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Pro-Choice Advocates Think Mississippi Abortion Restrictions Are A Sly Way Of Taking Abortion Reform To The Supreme Court

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Grace Carr Reporter

Mississippi’s push for abortion reforms, including moving to ban abortions after 15 weeks of gestation, have some pro-choice advocates thinking the end goal is to push the abortion conversation all the way to the Supreme Court.

Mississippi lawmakers passed House Bill 1510 Thursday, which will ban women from having abortions after 15 weeks gestation unless the unborn baby is not expected to survive outside the womb or if continuing the pregnancy will jeopardize the woman’s life. The bill would be the most conservative for any state, and awaits Mississippi Republican Gov. Phil Bryant’s signature.

Bryant is expected to sign the measure into law. (RELATED: Gerber Baby Inspires Down Syndrome Abortion Bans Across The U.S.)

“I think the real aim here is to instigate a legal challenge that would put abortion before the U.S. Supreme Court since abortion opponents are anticipating that in the next few years there will be a more conservative U.S. Supreme Court that will be more open to curtailing abortion rights,” Guttmacher Institute state policy expert Elizabeth Nash said, according to Governing News.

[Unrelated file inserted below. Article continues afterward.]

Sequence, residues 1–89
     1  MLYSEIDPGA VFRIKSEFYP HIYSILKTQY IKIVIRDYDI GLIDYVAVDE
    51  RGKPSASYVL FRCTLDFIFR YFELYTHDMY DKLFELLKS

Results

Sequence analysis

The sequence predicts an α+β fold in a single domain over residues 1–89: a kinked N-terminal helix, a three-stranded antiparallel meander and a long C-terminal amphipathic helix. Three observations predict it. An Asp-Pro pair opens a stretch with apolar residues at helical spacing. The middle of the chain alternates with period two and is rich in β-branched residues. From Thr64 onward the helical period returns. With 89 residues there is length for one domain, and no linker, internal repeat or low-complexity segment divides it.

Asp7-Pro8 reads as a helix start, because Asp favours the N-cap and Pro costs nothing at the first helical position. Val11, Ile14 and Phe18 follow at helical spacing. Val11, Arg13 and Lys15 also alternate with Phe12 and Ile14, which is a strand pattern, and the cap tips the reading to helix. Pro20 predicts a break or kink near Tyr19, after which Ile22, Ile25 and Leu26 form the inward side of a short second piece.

Jackson Women’s Health Organization owner Diane Derzis indicated she will sue as soon as Mississippi passes House Bill 1510, Governing News reports.

RELATED: Senate fails to pass a ban on abortions before 20 weeks gestation

Mississippi would become the first state to ban abortions before 20 weeks of pregnancy if Bryant signs House Bill 1510 into law. Mississippi already outlaws most abortions after 20 weeks gestation. Twenty other states ban abortions after more than 20 weeks gestation.

The U.S. Supreme Court declined to review an Arkansas law banning abortions after 12 weeks gestation as well as a ban on abortions after 6 weeks in North Dakota in late January, the Arkansas Times reports.

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